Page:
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The Cookstr Weekly: Back to Your Root Vegetables

January 30, 2012

 Welcome to The Cookstr cookstr logoWeekly!

This newsletter is filled with a variety of editorial features and links to Cookstr’s expert recipes by chefs and cookbook authors. You can access an archive of Cookstr newsletters here, and check out more featured recipes on our homepage.

As always, Cookstr recipes are tested, trusted, and handpicked by Cookstr’s editors from published cookbooks to help you on your culinary journey. To get you started, here are a selection of recipes on Cookstr by the chefs and cookbooks authors that made them famous.

Cook in good company.


Pickings might seem slim for local produce in January and February, but root vegetables provide surprising inspirations for meals that nourish, delight and satisfy. Beyond potatoes and carrots, root vegetables like parsnips, turnips, celeriac and rutabaga have a lot to offer and don’t suffer in quality during the coldest months of the year. Inexpensive and nutrient-rich, root vegetables are well-suited to soups and stews as well as being roasted, mashed, or baked into a pie. This Carrot, Celery and Leek Soup with Cornbread Dumplings by Carla Snyder and Meredith Deeds is flavorful, sweet and savory, perfect for a winter day.

More Root Vegetable Recipes from Cookstr


Take Cookstr’s New Food IQ Quiz on Facebook!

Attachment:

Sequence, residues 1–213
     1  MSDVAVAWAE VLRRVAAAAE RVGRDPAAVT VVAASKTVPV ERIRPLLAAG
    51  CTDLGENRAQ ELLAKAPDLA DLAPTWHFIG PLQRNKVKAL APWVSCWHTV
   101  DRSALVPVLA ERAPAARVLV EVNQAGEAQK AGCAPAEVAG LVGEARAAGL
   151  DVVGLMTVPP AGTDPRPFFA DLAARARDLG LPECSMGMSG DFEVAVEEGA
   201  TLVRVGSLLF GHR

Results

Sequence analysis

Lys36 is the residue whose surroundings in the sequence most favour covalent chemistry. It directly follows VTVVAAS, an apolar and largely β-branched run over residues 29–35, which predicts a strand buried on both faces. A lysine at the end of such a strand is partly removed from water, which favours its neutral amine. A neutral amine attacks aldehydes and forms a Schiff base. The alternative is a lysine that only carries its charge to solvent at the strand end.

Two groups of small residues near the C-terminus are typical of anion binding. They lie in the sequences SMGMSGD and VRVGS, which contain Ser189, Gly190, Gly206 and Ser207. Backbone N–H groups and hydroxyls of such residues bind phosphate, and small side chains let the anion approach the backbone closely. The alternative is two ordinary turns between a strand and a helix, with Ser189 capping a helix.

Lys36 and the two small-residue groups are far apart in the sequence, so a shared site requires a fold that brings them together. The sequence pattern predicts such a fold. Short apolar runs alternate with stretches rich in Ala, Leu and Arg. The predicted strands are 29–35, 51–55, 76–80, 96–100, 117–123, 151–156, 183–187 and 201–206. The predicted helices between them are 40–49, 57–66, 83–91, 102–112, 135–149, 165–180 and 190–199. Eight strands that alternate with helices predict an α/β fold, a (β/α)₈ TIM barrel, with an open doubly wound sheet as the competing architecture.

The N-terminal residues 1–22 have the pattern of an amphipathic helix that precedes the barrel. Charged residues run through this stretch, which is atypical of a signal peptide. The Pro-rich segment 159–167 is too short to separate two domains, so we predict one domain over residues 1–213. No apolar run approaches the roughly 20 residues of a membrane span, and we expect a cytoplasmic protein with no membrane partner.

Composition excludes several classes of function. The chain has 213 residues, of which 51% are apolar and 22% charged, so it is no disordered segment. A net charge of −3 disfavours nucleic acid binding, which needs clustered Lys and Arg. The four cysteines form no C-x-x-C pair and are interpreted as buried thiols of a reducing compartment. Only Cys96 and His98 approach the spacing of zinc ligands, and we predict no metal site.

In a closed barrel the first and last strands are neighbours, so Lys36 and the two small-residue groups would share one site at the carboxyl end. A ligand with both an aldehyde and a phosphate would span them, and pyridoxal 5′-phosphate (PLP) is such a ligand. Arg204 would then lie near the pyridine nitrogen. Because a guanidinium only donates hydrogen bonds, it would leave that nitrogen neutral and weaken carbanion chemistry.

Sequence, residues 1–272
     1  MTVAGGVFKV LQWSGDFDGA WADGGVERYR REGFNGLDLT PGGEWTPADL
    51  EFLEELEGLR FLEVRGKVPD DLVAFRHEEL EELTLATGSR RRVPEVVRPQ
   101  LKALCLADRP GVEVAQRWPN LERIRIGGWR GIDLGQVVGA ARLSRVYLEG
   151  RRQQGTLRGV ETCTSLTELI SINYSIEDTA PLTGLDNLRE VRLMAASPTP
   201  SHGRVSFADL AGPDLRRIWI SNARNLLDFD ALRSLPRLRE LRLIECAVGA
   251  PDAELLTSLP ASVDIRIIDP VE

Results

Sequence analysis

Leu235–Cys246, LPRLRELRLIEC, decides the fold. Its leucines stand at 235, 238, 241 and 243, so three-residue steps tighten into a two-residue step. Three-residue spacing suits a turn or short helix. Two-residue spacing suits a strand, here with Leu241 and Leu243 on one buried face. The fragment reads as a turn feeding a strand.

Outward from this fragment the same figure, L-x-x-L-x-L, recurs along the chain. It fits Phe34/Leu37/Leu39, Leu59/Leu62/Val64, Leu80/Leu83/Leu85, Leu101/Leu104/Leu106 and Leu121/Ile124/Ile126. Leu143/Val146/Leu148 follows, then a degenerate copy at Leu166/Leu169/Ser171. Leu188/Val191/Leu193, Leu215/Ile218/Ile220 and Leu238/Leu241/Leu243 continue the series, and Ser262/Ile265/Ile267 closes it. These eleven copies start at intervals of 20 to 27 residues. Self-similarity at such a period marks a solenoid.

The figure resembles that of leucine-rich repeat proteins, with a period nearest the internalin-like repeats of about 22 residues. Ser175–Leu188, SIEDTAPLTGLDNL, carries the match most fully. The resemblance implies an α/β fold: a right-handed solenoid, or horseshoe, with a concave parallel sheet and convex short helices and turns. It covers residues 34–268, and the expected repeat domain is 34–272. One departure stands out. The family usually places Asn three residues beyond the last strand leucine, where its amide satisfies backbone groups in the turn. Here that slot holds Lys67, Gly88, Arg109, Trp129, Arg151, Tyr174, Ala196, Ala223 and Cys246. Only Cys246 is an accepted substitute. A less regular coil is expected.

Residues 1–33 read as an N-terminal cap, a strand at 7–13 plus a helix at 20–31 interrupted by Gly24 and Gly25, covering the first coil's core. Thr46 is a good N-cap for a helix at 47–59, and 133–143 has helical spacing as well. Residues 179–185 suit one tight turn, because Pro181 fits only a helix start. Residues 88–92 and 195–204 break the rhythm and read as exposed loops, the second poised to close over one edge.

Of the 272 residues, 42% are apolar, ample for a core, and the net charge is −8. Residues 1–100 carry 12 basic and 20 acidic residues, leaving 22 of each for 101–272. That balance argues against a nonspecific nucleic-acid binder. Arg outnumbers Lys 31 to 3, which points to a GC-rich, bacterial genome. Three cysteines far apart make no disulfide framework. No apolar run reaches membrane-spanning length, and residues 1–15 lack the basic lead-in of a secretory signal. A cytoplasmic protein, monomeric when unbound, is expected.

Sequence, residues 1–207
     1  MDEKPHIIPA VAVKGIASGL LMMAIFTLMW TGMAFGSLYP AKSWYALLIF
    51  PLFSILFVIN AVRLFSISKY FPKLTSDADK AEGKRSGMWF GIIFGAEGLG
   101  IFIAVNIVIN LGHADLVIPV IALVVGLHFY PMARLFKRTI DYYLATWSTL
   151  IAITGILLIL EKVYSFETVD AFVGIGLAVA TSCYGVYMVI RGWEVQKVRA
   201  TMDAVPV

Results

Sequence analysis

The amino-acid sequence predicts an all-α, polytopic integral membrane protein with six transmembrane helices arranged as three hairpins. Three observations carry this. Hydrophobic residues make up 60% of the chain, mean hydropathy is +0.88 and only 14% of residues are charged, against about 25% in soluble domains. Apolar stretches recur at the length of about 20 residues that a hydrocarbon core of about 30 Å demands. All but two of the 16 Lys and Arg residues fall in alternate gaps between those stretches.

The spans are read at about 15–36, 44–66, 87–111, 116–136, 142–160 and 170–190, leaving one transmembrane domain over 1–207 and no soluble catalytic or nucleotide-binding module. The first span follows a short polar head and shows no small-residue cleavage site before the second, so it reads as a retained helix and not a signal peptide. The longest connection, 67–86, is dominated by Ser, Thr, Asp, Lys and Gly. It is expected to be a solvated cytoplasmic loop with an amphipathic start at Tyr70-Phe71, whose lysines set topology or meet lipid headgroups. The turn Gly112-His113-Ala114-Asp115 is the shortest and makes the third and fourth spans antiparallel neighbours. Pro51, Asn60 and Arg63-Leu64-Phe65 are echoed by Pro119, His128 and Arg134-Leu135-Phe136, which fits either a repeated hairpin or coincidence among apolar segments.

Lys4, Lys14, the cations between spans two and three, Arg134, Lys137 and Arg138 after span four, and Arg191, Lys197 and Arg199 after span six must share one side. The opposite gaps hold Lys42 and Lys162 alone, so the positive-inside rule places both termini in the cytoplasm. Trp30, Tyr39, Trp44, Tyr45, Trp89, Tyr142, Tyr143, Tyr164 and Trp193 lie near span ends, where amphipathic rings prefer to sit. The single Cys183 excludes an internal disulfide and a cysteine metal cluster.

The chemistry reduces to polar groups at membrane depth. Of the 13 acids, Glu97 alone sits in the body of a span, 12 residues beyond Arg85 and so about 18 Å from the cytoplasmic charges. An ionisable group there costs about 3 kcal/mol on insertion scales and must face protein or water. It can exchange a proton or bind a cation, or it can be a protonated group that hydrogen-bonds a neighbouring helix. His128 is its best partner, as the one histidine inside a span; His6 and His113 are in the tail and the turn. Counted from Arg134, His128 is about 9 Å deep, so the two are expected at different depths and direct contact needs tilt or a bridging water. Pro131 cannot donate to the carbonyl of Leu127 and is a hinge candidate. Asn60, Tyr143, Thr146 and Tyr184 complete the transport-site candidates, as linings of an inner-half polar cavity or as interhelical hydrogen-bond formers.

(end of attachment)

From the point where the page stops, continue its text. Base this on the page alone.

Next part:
Have you “liked” Cookstr yet on Facebook? Even if you’ve already explored our Cookstr Food IQ Quiz, we’ve added new questions so you can level up your foodie knowledge. Test your trivia skills on ingredients, fun facts and terminology, then share with your friends on Facebook so that you can compare high scores! What’s your Food IQ?


Style Steak
“This recipe was inspired by Cuba’s (and Miami’s) ubiquitous mojo-marinated palomilla steak. The mojo (pronounced “mo-ho”) is a combination of citrus and garlic. In Cuba the citrus comes courtesy of a naranja agria, or “sour orange,” a fruit that looks like a bumpy green orange but tastes like a lime. Given the relative 

scarcity of the naranja in America, I’ve substituted a mixture of lime and orange. The meat–I have chosen skirt steak–picks up a lot of flavor from the mojo in a short amount of time. You can fit only half the steak at once in a large skillet, but it cooks very quickly. While the steak is resting for a few minutes, use the same skillet to sear the onion, which becomes the perfect crunchy topping for the tangy, garlicky meat.” – Sara Moulton

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